Great businesses are built by great people, and that’s why recruitment is such a critical part of growing a successful small business and creating the right type of company culture.
Innocent drinks co-founder Richard Reed talks about the challenge that Innocent Drinks has faced in recruiting the right people for their business.
What’s interesting about this from a marketing perspective is that a business’ culture is often a caricature of the people within the business. And likewise, the culture of the business, or the brand, will determine who you can attract in. How strongly do you focus on the culture of your business, and has it proved to be a worthwhile marketing strategy when you’ve been looking to get the right people on board?
In case you hadn’t realised, the Marketing Donut won two Golden Twit Awards for its Twitter feed last Thursday (26 November). My colleague James has already thanked everyone for supporting us (thank you!), so I won’t embarrass you with further grovelling. Instead, here are four things I learned from the Golden Twits award ceremony:
1) Social media are becoming an essential customer relationship tool for organisations of all sizes. Nominees and winners included mid-sized charities (Action for Children), professional firms (Ralli Solicitors), arts organisations (Scottish Ballet), family-owned businesses (Adnams), small businesses (us!) and – yup – bigger businesses and corporations, too (Manchester City Football Club). Social media are a great leveller – if you’re interesting and engaging, you can stand out as much as any big organisation, and just about any kind of business can benefit. Heck, I even know a burger van with 1200 fans on Facebook.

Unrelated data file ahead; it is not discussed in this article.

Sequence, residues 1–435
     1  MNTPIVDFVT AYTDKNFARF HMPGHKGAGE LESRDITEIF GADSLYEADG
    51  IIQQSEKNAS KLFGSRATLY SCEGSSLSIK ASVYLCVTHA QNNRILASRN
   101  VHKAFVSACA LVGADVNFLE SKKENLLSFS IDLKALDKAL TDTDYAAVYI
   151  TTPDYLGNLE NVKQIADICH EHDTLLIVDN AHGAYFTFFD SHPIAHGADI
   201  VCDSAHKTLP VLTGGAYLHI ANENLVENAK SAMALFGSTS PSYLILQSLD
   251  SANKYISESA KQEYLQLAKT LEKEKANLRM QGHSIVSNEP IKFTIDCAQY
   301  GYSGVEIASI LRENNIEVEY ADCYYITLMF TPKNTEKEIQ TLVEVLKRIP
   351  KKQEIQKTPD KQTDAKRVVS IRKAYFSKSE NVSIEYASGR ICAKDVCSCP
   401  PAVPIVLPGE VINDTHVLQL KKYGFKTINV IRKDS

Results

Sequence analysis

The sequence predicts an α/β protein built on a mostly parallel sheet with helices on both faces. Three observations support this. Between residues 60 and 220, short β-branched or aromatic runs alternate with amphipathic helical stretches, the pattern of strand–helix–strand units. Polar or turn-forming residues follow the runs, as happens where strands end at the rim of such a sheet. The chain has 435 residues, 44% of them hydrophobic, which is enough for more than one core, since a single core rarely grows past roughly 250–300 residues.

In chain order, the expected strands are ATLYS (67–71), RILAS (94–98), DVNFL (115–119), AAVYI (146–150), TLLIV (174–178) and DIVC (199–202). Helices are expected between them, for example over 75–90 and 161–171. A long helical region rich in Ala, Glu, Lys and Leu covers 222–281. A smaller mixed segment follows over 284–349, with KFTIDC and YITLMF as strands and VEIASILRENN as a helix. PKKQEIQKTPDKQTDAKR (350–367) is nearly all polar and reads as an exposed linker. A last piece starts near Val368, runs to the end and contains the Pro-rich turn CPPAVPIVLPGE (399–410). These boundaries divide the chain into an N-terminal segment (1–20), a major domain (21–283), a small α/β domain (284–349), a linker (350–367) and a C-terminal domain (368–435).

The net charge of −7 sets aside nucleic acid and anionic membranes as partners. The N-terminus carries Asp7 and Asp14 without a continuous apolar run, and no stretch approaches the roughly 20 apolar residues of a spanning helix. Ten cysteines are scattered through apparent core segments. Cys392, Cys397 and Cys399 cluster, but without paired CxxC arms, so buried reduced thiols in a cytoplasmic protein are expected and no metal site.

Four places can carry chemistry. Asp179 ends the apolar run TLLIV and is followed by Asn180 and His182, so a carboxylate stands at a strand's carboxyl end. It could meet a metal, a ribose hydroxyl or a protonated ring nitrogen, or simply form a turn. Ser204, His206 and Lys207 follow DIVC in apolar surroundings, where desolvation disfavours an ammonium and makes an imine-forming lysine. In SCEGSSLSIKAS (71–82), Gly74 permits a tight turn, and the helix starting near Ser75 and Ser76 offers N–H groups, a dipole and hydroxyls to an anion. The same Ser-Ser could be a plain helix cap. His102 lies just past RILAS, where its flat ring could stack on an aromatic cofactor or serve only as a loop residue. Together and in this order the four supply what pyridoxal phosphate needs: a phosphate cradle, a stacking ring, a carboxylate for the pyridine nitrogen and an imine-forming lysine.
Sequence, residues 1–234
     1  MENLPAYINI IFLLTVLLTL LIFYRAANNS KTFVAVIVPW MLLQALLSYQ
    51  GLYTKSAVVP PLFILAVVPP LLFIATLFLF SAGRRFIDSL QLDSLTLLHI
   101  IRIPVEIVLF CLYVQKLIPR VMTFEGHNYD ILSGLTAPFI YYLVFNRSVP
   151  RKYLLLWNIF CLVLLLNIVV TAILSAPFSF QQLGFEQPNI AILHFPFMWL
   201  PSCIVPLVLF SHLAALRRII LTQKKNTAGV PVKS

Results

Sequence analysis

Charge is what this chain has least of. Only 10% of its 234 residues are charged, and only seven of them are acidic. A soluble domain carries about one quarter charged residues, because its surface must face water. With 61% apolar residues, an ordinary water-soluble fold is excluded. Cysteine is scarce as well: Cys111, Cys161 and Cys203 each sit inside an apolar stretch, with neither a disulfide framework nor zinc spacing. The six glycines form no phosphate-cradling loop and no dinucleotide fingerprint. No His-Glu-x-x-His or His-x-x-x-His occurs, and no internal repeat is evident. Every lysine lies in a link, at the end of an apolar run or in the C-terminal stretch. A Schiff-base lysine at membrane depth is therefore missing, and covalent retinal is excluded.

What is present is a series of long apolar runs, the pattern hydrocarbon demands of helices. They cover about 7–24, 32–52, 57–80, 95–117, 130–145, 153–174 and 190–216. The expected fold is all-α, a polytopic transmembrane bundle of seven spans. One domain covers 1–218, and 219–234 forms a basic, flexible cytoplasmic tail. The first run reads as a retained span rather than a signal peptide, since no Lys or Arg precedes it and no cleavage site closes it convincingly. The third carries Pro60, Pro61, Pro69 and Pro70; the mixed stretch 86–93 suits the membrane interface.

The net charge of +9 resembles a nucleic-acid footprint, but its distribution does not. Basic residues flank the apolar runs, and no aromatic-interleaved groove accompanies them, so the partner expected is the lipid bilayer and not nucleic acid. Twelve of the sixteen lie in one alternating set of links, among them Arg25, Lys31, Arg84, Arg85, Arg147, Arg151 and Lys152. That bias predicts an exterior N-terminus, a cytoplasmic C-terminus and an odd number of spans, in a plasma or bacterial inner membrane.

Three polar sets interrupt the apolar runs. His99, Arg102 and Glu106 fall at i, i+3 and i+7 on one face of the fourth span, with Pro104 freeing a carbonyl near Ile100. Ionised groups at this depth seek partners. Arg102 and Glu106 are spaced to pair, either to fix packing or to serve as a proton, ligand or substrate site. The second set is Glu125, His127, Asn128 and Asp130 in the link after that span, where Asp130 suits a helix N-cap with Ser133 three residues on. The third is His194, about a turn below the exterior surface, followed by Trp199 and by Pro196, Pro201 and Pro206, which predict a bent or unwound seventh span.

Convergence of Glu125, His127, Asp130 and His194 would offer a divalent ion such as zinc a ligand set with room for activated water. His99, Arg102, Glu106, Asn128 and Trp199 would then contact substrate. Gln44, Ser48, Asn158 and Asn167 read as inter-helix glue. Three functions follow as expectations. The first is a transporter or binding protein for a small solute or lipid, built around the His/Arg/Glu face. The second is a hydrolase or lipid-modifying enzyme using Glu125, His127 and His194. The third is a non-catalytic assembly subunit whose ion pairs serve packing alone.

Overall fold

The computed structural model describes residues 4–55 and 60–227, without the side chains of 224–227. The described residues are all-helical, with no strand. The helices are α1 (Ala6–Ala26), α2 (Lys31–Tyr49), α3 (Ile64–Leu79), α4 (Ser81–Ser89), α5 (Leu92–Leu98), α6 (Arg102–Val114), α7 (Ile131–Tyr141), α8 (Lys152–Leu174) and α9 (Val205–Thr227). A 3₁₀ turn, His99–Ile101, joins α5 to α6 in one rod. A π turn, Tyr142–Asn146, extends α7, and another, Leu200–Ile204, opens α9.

2) A meerkat may well be the future of corporate tweeting. One thing that really struck me was how Compare the Market.com is using its meerkat as the face of its brand on Twitter. I have mixed feelings about this; I admire their inventiveness, but I also know that, however spontaneous the meerkat’s utterances may seem, they are written by a team of creatives from a small agency every morning; the prospective tweets are then signed off by their boss and passed to the Compare the Market.com marketing folks, who amend, rewrite, reject, accept and sign them off again. Finally, much later in the day, they are posted on Twitter. The guys behind the character told us that a lot of corporates are now creating characters to represent their brand on Twitter. To my mind, this undermines the idea of Twitter as a medium for businesses to engage directly and spontaneously with customers. Is this controlled corporate messaging the first indication of Twitter’s loss of innocence? Of course, what it means for smaller firms is that you readily steal a march on your bigger rivals by being more personal and quicker to respond.
3) When you put Twitter users in a room together, they will spend a long time tweeting on their phones before actually saying hello to one another. But they do say hello eventually.
4) Online social networking will never totally replace actual face-to-face networking. I’ve been to three awards and a conference in the last month and absolutely the best thing about all of them has been meeting small business owners and other people from my industry and talking to them face to face. I now have more people to talk to on Twitter… @simon_editor